Regarding the ongoing power outages, Radebe said the Cabinet remained concerned over the disruptive effect these were having on the daily lives of South Africans and its impact on households and businesses across the country.

As a result, the Cabinet has adopted a five-point plan to address the electricity challenges.

“The lack of sufficient capacity to meet the country’s energy needs remains a challenge and all attempts are being made to ensure that we overcome the tight energy situation.

“To meet the country’s future energy requirements, government is implementing an energy mix which comprises of coal, solar, wind, hydro, gas and nuclear energy,” he said.

In future biomass, wind power, solar power and hydro-power will contribute 11.4 Gigawatts of renewable energy to the grid, said Radebe.

He revealed that Eskom was due to sign a memorandum of understanding with the Strategic Fuel Fund and Transnet Ports Authority so that the country can be assured of a regular supply of diesel.

He said focus will be given to improve the strategic maintenance and operational efficiency to ensure that the level of efficiency is increased from the 72% currently to the target of 80%.

Radebe said Eskom will present a detailed finance plan to manage its cash flow beyond 2015. The plan will be presented to the inter-ministerial committee by the end of this month and simultaneously government will finance the funding model.

Cogeneration options will be pursued with the sugar paper and pulp industries to harness waste energy to the extent of 1000 megawatts.

“There are significant opportunities for the importation of gas. A coal independent power producer programme will be launched by the end of January 2015 with generation capacity of 2 500 megawatts.”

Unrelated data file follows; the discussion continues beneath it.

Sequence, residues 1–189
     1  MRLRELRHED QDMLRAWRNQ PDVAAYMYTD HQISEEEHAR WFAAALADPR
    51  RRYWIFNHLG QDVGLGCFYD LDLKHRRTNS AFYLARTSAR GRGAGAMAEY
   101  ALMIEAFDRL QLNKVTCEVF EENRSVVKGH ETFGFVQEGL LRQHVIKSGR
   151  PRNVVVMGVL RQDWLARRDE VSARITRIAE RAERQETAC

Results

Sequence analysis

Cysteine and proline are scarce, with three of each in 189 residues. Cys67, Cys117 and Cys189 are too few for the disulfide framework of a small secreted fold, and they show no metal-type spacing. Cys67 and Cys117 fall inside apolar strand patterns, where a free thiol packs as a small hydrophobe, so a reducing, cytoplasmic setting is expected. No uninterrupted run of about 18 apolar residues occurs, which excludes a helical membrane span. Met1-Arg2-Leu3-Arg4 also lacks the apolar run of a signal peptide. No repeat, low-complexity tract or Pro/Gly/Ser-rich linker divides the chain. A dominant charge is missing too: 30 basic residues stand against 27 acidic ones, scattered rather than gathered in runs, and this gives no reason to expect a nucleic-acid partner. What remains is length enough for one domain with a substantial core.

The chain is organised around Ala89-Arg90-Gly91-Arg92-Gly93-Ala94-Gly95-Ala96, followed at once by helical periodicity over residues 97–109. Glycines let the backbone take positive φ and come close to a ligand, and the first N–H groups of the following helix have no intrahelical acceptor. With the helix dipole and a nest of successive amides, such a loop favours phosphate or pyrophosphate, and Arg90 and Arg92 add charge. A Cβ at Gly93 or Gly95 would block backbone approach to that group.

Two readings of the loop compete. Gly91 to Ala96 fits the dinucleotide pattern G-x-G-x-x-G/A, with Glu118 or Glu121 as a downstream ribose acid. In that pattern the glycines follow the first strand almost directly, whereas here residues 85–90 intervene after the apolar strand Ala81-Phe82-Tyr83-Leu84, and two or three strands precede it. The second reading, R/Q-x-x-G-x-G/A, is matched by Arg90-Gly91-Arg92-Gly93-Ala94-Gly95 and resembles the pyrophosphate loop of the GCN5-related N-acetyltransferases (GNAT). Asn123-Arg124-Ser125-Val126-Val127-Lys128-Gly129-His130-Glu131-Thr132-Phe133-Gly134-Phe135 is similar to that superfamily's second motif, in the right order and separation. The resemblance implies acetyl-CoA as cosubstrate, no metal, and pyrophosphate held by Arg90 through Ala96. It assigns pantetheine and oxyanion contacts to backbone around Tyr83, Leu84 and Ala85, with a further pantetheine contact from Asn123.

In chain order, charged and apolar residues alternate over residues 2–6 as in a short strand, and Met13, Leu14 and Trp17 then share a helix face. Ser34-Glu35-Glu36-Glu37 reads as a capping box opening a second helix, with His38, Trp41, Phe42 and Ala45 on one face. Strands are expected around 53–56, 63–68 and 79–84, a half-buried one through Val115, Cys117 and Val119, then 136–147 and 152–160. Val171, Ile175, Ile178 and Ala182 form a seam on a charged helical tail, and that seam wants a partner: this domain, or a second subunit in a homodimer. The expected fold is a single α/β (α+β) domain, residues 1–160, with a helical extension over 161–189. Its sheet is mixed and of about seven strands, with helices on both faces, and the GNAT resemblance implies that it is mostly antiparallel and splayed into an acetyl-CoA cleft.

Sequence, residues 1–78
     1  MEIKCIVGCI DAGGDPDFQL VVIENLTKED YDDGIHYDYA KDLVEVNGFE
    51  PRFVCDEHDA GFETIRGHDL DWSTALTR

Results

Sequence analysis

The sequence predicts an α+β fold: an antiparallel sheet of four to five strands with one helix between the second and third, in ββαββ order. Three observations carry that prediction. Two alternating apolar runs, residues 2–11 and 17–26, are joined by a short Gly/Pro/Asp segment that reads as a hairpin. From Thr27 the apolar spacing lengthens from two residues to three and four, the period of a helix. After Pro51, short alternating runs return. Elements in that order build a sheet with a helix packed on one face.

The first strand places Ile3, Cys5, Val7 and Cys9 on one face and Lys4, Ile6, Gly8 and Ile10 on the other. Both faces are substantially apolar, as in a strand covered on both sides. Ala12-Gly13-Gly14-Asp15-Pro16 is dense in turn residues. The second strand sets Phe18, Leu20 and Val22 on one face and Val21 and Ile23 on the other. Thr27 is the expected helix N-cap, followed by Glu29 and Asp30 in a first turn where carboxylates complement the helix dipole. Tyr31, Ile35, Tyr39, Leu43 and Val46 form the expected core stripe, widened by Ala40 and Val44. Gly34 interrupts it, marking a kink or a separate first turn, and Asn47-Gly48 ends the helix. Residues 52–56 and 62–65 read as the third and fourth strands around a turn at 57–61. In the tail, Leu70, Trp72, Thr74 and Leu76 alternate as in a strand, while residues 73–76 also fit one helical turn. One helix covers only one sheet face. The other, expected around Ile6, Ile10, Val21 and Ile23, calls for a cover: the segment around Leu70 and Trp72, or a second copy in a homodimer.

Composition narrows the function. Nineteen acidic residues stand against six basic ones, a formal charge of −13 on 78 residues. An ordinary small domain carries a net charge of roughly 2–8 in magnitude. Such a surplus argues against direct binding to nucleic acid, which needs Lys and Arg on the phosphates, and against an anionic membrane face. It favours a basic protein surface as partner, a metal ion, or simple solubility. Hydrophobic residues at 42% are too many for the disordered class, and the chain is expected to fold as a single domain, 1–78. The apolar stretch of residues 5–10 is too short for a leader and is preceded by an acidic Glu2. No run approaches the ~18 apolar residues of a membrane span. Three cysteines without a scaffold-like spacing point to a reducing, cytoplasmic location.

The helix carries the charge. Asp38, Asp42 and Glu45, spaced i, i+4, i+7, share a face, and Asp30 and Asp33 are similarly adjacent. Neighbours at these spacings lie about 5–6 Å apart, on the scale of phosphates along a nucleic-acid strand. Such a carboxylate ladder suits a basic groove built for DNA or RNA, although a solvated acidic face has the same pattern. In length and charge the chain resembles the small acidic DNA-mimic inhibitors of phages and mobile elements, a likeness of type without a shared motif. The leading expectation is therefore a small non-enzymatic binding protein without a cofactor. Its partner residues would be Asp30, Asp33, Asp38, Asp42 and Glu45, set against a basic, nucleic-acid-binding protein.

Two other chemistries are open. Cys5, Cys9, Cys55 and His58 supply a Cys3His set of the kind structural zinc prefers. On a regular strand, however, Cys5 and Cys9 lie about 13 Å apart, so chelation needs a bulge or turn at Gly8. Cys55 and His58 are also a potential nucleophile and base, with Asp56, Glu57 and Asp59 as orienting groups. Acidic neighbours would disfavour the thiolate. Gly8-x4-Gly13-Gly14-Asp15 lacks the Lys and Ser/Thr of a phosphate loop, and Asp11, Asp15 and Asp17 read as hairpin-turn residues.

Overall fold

A technical team war room for the implementation of the five-point plan is constituted with immediate effect. He said the five-point plan addresses the strain our electricity system faces. The plan covers:

» the interventions that Eskom will undertake in the period over the next 30 days,

» harnessing the cogeneration opportunity through the extension of existing contracts with the private sector;

» accelerating the programme for substitution of diesel with gas to fire up the diesel power plants;

» launching a coal independent power producer programme; and

» managing demand through specific interventions within residential dwellings, public and commercial buildings and municipalities through retrofitting energy efficient technologies.

Energy Minister Tina Joemat-Pettersson added that the war room will comprise of the departments of energy, cooperative governance and traditional affairs, public enterprises, treasury, trade and industry, economic development, water and sanitation and Eskom.

The team will include technical officials, relevant experts including international experts and the private sector where necessary and will drive the implementation of the interventions envisaged by the five-point plan.

It will report to the economic cluster ministers, said Joemat-Pettersson.